Sabine: Well, it's hubris, but we learn soon enough that we just have to accept our limitations and go along with the program. This gets mistaken for resignation but is nothing of the sort. It's taking charge. If I feel that what I'm getting now is not sufficient, I will certainly be looking at other options.
Florence: That is good to know. I wish more people who turn down chemo had access to that kind of information.
Beth. Thanks. I really feel good about this and am wondering how I can make myself available to people to talk about my experiences. My chemo nurse might be able to help with that.
Nick: Still I think for most that is not a decision that is wise for patients to make. Too bad there is so little trust between health professionals and the public.
Wisewebwoman: I think it's because a major institution let you down and forced you to work things out on your own. I would have very little trust in authority, etc. myself, if I had that background.
Cop Car: It's the American belief in the sovereign individual that informs such decisions. This is not a universally held value.I don't completely believe in that, especially since we can all end up paying for the terrible outcomes that people who refuse treatment can experience.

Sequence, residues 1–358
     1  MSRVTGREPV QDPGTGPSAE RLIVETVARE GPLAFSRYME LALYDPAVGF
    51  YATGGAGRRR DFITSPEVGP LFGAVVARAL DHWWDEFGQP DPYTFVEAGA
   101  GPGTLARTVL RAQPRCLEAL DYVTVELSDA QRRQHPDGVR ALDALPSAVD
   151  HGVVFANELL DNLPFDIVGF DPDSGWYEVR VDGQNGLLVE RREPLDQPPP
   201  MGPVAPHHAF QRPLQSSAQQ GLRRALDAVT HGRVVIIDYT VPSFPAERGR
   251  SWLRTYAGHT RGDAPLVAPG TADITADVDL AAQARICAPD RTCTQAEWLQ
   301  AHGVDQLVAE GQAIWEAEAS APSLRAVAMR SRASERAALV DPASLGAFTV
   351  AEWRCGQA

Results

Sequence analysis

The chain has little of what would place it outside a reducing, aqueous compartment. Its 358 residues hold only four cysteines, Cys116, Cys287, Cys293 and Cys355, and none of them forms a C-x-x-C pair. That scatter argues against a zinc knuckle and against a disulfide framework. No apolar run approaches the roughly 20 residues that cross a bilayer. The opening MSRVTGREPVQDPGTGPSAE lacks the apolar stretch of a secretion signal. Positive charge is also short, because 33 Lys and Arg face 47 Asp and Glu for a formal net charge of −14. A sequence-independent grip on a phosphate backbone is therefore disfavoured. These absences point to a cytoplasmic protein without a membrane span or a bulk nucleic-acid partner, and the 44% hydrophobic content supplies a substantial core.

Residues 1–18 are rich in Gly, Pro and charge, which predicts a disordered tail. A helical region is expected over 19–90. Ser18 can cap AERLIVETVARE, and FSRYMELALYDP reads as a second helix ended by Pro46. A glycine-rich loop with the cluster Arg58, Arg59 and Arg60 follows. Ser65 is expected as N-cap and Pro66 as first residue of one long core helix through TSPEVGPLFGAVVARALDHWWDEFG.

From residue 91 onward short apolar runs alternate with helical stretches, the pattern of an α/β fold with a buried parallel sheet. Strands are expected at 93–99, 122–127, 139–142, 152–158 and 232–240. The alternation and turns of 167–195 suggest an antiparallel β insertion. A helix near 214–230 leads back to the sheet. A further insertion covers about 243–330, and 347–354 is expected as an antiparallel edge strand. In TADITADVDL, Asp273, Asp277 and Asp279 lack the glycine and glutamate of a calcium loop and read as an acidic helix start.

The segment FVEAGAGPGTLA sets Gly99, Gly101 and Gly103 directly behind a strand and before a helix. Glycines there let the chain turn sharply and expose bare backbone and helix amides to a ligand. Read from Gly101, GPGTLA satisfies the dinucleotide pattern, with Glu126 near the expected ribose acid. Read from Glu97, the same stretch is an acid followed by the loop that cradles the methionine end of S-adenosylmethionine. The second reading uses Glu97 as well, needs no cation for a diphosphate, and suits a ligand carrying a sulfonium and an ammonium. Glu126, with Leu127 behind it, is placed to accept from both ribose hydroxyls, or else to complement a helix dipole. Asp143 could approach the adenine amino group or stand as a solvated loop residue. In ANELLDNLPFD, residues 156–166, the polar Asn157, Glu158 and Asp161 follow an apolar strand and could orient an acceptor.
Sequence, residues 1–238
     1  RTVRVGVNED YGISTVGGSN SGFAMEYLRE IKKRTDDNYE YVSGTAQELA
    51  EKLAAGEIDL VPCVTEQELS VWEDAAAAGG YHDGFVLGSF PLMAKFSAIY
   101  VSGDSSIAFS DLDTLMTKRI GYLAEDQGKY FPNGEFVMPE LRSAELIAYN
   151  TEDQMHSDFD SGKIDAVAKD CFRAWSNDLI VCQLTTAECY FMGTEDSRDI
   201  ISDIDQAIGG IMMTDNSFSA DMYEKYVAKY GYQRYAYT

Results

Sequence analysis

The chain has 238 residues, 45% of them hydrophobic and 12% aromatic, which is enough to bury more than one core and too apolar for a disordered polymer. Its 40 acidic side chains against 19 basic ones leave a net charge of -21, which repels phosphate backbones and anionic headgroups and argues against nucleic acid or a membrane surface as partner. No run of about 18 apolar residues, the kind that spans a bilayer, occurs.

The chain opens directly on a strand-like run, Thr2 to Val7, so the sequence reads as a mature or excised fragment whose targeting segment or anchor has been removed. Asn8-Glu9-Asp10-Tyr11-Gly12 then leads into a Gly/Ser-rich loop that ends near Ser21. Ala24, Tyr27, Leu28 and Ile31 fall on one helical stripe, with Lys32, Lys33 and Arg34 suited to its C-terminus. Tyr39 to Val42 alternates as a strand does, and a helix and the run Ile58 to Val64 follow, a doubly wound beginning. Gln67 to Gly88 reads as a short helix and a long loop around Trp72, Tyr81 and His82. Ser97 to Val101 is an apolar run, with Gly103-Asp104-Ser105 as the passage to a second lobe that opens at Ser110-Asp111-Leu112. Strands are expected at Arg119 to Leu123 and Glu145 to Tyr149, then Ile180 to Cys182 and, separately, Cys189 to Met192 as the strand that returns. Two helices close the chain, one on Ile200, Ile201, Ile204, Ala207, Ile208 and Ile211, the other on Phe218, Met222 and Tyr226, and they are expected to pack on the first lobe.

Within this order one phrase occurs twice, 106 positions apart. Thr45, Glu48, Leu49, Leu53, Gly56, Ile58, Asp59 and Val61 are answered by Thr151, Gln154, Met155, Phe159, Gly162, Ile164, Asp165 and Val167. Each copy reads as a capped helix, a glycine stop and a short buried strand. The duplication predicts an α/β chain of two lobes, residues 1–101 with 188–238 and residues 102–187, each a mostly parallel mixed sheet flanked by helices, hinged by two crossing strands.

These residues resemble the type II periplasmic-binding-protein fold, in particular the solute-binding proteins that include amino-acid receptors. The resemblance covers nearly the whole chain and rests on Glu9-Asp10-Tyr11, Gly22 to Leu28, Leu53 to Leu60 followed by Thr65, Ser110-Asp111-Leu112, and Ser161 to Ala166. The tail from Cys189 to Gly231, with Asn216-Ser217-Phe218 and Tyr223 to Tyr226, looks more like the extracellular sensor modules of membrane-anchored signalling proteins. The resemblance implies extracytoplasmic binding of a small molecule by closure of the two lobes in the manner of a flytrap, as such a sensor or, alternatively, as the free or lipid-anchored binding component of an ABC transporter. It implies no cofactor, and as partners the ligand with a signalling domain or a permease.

I believe in informed decisions, which, as a non-cancer expert I am not equipped to make. And the extreme interpretation of individual rights can be a cover up for neglect, too, people not getting the care they need because they can't afford it, etc. Lots to say here but out of time!
Question: Do you know what the survival rates were with the people who refused chemo vs. the one who didn't? If I had had no cheomo I could look forward to maybe a year of misery. With no steroids and narcotics, I would have lasted weeks, maybe. I'm nine months out from diagnosis, in pretty good shape, and have more time to go, depending on how treatments work.
Z: Is it just because of the pacemaker that she was not enjoying her life?


No, the pacemaker was a late addition. She wasn't happy in life and didn't want to make changes that might make her happier. She didn't want to repair her heart valve in 2002, she wanted to die then. (Had wanted to die before, too, as long as I can remember, but opting out of heart surgery would have been her firs real chance.)


(*first, with a t. Sorry to be so macabre: I just don't know whether the state knows best.)


Z: I am observing a pattern here. Patients resist procedures and suffer symptoms and eventually have to accept treatment which, since they have waited so long, are not as effective as they might otherwise be.
I wouldn't hesitate to get a pacemaker if a doc told me I needed it.

Cop Car

Hattie--Of the three who chose not to seek treatment were a father (early 80s - lasted about 1 year) & mother (late 80s lasted about 1 year) & daughter (late 70s - lasted 30 days). Except for the daughter, I don't know what they were told about prognoses concerning their cancers. The daughter had pancreatic cancer that had metastasized and had, at best, a few months.